City officials will appoint an interim superintendent for the New Haven Public Schools board by the next Board of Education meeting on Oct. 24, BOE member Darnell Goldson announced at a meeting Tuesday.
The interim superintendent will serve for four to six months while the BOE searches for a permanent superintendent. Goldson announced that the application for the interim position was released online on Oct. 7 and will be open until Oct. 14. Former NHPS Superintendent Garth Harries ’95 is expected to leave his position by Nov. 1.
Goldson, who serves as president of the superintendent search committee established by Mayor Toni Harp, said applications will be evaluated as they are received and that interviews with candidates will take place starting early next week. If the interview process finishes early, Goldson said a special meeting of the BOE could be called before Oct. 24 to finalize the decision.
Goldson stressed that the person to take the position should have administrative experience in urban school districts adding that he hoped that the candidate would come from a local district, since other candidates would have trouble understanding the problems that schools in the Elm City face.
“You can’t take someone out of a cupcake school district, put them in a district like ours and expect them to do anything except show up,” Goldson said.
The online application calls for 10 or more years of successful senior leadership at a school and states that candidates with a terminal degree in their area of expertise and strong working knowledge of Common Core standards and special education are preferred.
The announcement comes two weeks after Harries announced his resignation amid widespread concerns over his job performance. Many of Harries’ critics believed that his previous position at a well-to-do school district in New York City did not prepare him for the problems he would face in New Haven and cited several of his actions, such as a decision to spend tens of thousands of dollars on a time-management consultant, as evidence of his lack of preparation.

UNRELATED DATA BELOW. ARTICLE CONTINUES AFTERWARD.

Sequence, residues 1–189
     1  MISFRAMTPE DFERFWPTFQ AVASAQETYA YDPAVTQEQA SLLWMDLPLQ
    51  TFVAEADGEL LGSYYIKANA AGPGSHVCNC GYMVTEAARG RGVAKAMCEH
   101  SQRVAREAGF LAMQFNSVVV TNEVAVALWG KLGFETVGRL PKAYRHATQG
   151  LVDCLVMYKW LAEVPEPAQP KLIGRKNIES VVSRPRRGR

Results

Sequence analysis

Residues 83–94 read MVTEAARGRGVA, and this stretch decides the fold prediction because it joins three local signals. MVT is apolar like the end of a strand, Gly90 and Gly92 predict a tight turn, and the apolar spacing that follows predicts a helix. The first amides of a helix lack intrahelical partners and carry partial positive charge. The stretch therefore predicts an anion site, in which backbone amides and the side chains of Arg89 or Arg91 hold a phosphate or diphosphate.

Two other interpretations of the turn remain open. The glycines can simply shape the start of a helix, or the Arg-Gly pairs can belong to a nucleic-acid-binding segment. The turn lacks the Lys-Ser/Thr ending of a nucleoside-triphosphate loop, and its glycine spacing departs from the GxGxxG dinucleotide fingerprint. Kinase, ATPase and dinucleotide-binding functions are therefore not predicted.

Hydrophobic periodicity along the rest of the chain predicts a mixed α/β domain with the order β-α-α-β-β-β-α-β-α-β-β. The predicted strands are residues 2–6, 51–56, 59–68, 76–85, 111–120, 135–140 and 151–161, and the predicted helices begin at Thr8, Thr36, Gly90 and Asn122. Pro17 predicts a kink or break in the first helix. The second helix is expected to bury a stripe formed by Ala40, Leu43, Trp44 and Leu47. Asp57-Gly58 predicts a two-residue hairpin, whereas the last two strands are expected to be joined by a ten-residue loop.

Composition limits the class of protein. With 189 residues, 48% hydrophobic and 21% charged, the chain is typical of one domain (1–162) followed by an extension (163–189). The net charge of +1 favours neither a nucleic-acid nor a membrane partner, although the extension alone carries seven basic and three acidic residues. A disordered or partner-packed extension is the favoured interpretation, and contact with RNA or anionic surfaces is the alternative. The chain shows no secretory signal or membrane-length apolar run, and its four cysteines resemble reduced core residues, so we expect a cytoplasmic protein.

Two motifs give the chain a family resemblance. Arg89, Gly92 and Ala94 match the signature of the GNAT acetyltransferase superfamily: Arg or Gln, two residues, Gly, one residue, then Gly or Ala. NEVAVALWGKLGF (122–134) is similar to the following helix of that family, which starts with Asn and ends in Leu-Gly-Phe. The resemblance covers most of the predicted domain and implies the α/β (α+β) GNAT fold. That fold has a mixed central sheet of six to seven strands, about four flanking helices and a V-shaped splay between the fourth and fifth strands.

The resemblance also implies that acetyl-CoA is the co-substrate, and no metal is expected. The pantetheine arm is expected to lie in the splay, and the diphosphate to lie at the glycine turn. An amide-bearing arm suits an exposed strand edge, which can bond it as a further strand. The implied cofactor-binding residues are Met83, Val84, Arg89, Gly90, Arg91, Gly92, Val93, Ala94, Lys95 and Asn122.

Seven BOE members, including Harp and Harries, were present at the meeting, which took place at the Beecher School. About 50 Elm City residents were also in attendance.
Goldson said the committee decided not to allow the interim superintendent to apply for the permanent position, a proposition he originally introduced. He said he wanted the interim superintendent to focus solely on directing the district for the half-year term, and added that he feared the prospect of full-term employment would distract the interim superintendent from this goal.
Some BOE members, including Alicia Caraballo, who continues to sit on the BOE although her term expired last month, did not agree with this decision.
“It might turn out that you have an interim and it’s a good fit,” Caraballo said.
BOE member Carlos Torre said at the meeting that the candidate ultimately chosen for the interim position would have his or her current job “protected,” to allow the person to return to his or her former job after the end of the interim-superintendent term.
Coral Ortiz, one of the BOE’s two student representatives, suggested that the BOE send a letter to families in the school district outlining the process and timeline for choosing a new superintendent, because many students had told her they were confused about the district’s plans. This suggestion was met with some pushback from other BOE members, who told Ortiz she could explain the BOE’s plans to students and parents herself and that a letter seemed unnecessary. In response, Ortiz said that she does not have access to the families of all 21,000 students in the district.
“I will do my part, but I think it is the board’s responsibility to also do their part,” Ortiz said.
After several minutes of discussion, Harp said she would prepare and send out a letter to NHPS families as soon as possible.
Harries was quiet for much of the meeting but said his office has been preparing for the transition to make sure work will carry on as normal once the interim superintendent takes over. Harries added that he is proud of his staff and said he is focused on ensuring students will be well-served through the transition.
Before taking on the superintendent position in 2013, Harries served as assistant superintendent for the district since 2009.